That's the message, not from Blue Oyster Cult, but from a Singapore nonprofit that recently revealed a series of coffins featuring fanciful designs and festooned with cheery slogans, such as "Say hello to my wonderland" and "Hello, coffin. You seem to be nice."
The 12 caskets, or "Happy Coffins," represent the winning designs from an international competition held by the Lien Foundation to create caskets that take the stigma and fear out of death.
"The traditional negative associations surrounding the coffin were transformed to a celebratory symbol of courage, life and beauty," foundation CEO Lee Poh Wah said in an e-mail to AOL News.
Many of the 733 entries from 33 countries, however, appear not only to destigmatize the Grim Reaper but kick him in the 'nads while jabbing him in the eyes.
Take, for example, the design by a 30-year-old Martin Matera of the Czech Republic. His coffin resembles a pair of worn jeans, complete with button collection and beer bottle jutting from the rear pocket. A slogan on the lid exhorts mourners, "Don't cry. I had a good life."
Then there's the design by 23-year-old Aurel Cablan of France. Imitating a wine crate, her coffin appears to hold a bottle of wine resting amid straw packing material. A tag dangling from the stem of the bottle says "Special Vintage."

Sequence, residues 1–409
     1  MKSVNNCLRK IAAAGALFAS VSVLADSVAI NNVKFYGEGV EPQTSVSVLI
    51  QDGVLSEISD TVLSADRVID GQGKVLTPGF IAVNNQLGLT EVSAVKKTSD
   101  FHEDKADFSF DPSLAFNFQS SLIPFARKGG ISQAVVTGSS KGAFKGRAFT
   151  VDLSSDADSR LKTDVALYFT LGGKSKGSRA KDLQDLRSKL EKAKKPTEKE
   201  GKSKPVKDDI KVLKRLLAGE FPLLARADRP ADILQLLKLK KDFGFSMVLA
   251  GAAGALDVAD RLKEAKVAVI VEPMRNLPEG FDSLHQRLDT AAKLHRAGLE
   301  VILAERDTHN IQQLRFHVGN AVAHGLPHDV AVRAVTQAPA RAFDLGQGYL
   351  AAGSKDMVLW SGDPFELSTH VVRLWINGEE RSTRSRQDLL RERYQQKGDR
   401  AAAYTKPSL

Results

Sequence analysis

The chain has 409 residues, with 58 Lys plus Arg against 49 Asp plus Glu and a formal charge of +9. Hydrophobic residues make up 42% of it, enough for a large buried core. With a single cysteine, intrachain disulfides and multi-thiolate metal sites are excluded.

But for all the irreverence toward death, Happy Coffins may have the Lord on its side. The project was born from a conversation between Lee and Sister Geraldine Tan, administrator of St. Joseph's Home and Hospice in Singapore. Tan had seen decorated coffins during a trip to Australia and wanted to make them available to residents of her facility, but she didn't know how.
Enter the Lien Foundation, which advocates improved palliative care and practices what it calls "radical philanthropy." Once the idea had been jointly developed, Tan approached 10 residents of the home and asked how they would feel about being buried in customized coffins.
Not everyone was comfortable with the idea. Only five residents expressed interest. Of the five, Tan chose three women -- 76-year-old Elsie Chua, 90-year-old Kitty Fogh and Magdalene Khoo, 70 -- to team with graphic designers and have coffins made.
In its announcement, the foundation released photos of the three women posing with their dream coffins. Chua's casket bears a likeness to a wreathed porcelain vase, while Fogh's features whimsical floating angels. Khoo's presents an embroidery motif with the word "thankful" cross-stitched into the side.
While the Lien Foundation hopes to find global acceptance for Happy Coffins, it remains to be seen whether the concept will appeal to a larger demographic. Taboos can be tough to bust, and when they involve something as absolute as death they can be positively intractable.
So far, the Lien Foundation hasn't taken any flak from across the spiritual spectrum, though Lee admitted, "I'm sure people have differing views about the desirability of Happy Coffins."
To lighten things up, the foundation has set up a companion website, Life Before Death. It offers a menu of playful activities, such as "Last Playlist," which encourages visitors to make a soundtrack for their own funeral. The intro page displays a sickle doubling as a record needle and asks, "When you're stiff as a board, does the music have to be too?"
The foundation has also personified death on Facebook, where fans can "befriend" Death and engage in what Lee calls "die-logues." And why not -- seasons don't fear the reaper, so why should you?